Laws that enhance transparency are good, but only to the point that they don't interfere with efforts already underway, argues OMB's Danny Werfel.
Lawmakers should not pass new legislation that could upend the administration’s progress on making government spending more transparent, said Danny Werfel, controller at the Office of Management and Budget. Werfel told a Senate committee that lawmakers need to seriously think about the impact of new statutes on ongoing efforts to improve government accounting and tracking its money.
The administration has been implementing new laws, such as the Improper Payment Elimination and Recovery Act and another law that updates the Government Performance and Results Act, called the GPRA Modernization Act.
As Congress considers new transparency measures, Werfel offered a key question for senators to ask themselves when considering proposed legislation: Would the new law reinforce current objectives, or would it move the government in different directions?
If it would turn the government in a new direction, then it will cost more money. For instance, federal information systems that agencies have been building would need to be reengineered once again for “a new nuanced set of requirements and standards,” he said.
“We need to have a real compelling case for why these additional data elements or additional changes are important, because they could necessitate a diversion of resources from where we’re currently executing against a set of statutes,” he told the Homeland Security and Governmental Affairs Committee in a hearing held July 18.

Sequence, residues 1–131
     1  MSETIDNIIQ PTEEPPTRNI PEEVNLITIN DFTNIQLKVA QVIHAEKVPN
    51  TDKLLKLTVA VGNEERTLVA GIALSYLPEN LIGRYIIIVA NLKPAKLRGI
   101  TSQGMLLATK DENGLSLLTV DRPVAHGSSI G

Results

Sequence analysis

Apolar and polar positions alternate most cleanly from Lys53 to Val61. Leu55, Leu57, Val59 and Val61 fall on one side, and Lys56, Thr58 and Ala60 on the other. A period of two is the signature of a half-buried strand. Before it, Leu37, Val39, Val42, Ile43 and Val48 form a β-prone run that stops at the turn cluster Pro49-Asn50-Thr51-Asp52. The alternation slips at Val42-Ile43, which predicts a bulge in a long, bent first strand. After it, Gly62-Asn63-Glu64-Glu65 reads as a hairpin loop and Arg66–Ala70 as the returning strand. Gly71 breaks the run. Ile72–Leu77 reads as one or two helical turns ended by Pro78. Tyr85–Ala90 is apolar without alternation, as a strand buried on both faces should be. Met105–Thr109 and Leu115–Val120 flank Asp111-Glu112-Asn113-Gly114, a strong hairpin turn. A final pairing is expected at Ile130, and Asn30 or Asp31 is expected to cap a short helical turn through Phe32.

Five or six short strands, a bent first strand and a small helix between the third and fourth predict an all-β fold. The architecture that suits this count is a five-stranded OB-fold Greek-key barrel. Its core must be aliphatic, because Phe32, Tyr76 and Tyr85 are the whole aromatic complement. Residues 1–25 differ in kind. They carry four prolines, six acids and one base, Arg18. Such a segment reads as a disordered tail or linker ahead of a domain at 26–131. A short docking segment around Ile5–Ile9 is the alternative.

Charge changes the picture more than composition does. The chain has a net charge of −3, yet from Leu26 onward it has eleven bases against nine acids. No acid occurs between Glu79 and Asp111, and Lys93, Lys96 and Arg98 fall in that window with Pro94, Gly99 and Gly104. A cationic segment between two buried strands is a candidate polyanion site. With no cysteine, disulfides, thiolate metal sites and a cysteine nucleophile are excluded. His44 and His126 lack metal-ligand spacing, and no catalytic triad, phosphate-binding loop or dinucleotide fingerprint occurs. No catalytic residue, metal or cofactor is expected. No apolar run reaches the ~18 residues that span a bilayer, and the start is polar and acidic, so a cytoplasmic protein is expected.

Nevertheless, transparency legislation is moving through Congress. In April, the House passed by voice vote its Digital Accountability and Transparency Act, or the DATA Act (H.R. 2146). The bill would create the Federal Accountability and Spending Transparency Commission, which is to succeed the board that oversaw spending reports for the 2009 economic stimulus law. In addition, agencies would be required to submit their spending data to a new platform with consistent electronic identifiers and markup language.
Werfel has not been in favor of the DATA Act. In a speech in June, Werfel said the bill would add more regulatory complexity while removing some of the necessary OMB oversight.
Today, Werfel said he doesn’t object to the relentless pursuit of transparency, but he’s concerned about the details.
“The disagreements are in the strategy in how we get there,” he said.
Sen. Mark Warner (D-Va.) introduced a Senate version of the DATA Act (S. 1222) in 2011, but today said he intends reintroduce the bill with changes. He told the committee his primary goal is to expand the existing law to require the government to disclose to taxpayers federal spending in greater detail. However, he’s seeing things differently since last year.
“I will admit that a year ago I believed that we needed a new government entity to oversee transparency and my opinion has evolved over the past year,” he said in testimony. Based on the progress the government has made, the more cost-effective way of doing it is not duplicating efforts that are already underway.